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The impact of Baby Boomer generation on your client base

Mercia Blog opinion Baby Boomer Generation

One of the many consequences of the baby boomer generation is that there is now a boom in retirement. There are many articles around commenting on dire consequences of this for the NHS, the housing market, businesses, the next generation and anything else they can think of. But what does this mean for your client base?

How many of your clients are family businesses?

Family businesses are recognised as being key to the success of the British economy. The IFB Research Foundation has estimated that the family business sector made a £418 billion gross value-added contribution to UK GDP, which is 26 per cent of total UK gross value added for 2014.

Succession is important for any business; for family businesses there are more issues that need to be addressed. However, research carried out by Dr Richard Shrapnel and Baker Tilly International showed that only 23% of business owners in the UK, which belong to the baby boomer generation, had completed their succession planning.

Accountants’ role as trusted advisors

Accountants are one of the key trusted advisors when it come to a business evaluating its succession strategy. Dr Shrapnel’s research also showed that those respondents who reported their succession process was orderly and straight forward, with low levels of conflict, ranked accountants and spouses as their most trusted advisors.

Obviously subject to ethics rules, helping your client through this time could make the difference between keeping a successful ongoing client and losing it completely. And that ignores the fees for the advice!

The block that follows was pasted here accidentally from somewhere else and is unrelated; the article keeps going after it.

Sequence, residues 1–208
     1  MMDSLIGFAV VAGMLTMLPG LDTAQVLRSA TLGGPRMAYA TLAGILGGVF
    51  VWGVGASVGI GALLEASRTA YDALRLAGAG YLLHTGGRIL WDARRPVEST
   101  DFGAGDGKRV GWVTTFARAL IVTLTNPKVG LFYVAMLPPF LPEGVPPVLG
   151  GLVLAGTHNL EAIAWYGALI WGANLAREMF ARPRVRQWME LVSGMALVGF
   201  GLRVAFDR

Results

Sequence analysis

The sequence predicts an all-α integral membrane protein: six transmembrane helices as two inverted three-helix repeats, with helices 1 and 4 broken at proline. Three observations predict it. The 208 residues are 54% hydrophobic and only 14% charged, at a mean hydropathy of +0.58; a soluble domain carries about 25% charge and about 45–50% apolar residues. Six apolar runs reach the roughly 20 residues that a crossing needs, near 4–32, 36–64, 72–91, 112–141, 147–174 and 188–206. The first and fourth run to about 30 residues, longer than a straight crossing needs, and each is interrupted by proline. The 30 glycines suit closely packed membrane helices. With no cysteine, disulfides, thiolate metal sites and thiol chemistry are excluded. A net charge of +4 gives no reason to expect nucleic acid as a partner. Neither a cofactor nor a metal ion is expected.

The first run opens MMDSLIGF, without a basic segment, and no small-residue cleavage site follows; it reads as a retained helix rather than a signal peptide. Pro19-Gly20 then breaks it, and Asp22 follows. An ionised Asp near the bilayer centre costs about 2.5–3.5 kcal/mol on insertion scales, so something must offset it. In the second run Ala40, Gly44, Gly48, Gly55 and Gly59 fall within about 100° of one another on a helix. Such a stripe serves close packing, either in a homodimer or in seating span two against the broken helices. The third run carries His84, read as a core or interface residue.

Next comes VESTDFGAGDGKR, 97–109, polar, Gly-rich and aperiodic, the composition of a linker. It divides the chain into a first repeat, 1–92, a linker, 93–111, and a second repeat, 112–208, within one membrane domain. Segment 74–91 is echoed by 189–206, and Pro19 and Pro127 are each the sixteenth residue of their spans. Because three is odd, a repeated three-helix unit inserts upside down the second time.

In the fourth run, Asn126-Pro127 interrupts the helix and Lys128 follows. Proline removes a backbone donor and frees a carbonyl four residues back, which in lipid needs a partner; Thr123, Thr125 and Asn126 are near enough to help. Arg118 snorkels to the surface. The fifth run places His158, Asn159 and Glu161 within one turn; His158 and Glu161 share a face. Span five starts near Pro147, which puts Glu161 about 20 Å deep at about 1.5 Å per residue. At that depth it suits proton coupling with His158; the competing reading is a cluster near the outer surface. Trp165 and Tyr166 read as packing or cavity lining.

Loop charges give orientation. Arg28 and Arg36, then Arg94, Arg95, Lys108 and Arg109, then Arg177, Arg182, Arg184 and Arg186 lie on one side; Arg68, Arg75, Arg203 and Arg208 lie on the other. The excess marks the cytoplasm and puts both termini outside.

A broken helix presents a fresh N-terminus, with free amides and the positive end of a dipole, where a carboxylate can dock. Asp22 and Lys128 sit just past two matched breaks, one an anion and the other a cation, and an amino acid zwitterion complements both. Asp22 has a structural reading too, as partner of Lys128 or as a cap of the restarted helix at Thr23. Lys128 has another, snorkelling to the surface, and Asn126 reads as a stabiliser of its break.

Understanding the motivators that drive the businessperson is key to being able to provide advice. What are they seeking to do and, crucially, when? If they themselves have inherited the business, is it important that it continues to be “in the family”. Or, if they have built it themselves, are they doing this for the children? This is the sort of information you should already know about your clients so you should already be on the way to assisting in the process.

What does the next generation want?

Don’t assume the next generation will be successful or even interested in running the business. The proverb “the father buys, the son builds, the grandchild sells, and his son begs” has a lot of truth about it (and I am sure the same applies if we bring it up to date including mothers and daughters).

It is now more common for children to be encouraged to do their own thing rather than carry on in the business. However, when three generations are involved even this can lead to difficult conversations. The role of the advisor is to help the family understand the issues and then to plan on how to resolve them.

In starting to advise a client about succession, it’s important to make it clear that you not talking about retirement; the generations have to work together during the succession period for a successful outcome.

When and what

But the question is still when to start. The answer is simple: if you’re asking it’s already later than it should be.

Once the conversations have taken place it is important that this leads to the preparation of a documented plan and, even more important, that the plan is revised as circumstances change.

Areas that need to be addressed in the plan include the proposed structure, key personnel changes, legal considerations, timetable, contingency/risk management, finaces (including current values, retirement income and so on). Of course you cannot ignore taxation.

Even if it is decided that the best solution is a disposal of the business, being involved from the beginning of the discussions allows this to be carefully planned. If all goes well you could end up with a wealthy client to continue to advise and even the chance to pitch for work with the acquirer!

Written by Paul Ginman

Paul Ginman

Paul joined Mercia in October 2017 having previously been responsible for quality at Baker Tilly International. Having qualified with what is now Deloitte, he spent many years working in a technical role in mid-tier accounting firms before moving on to a role developing the Baker Tilly International network increasing its global reach and introducing a global audit methodology and quality assurance processes. Paul lives in Maidenhead with his wife and is slowly adjusting to the challenges of two young grandchildren.

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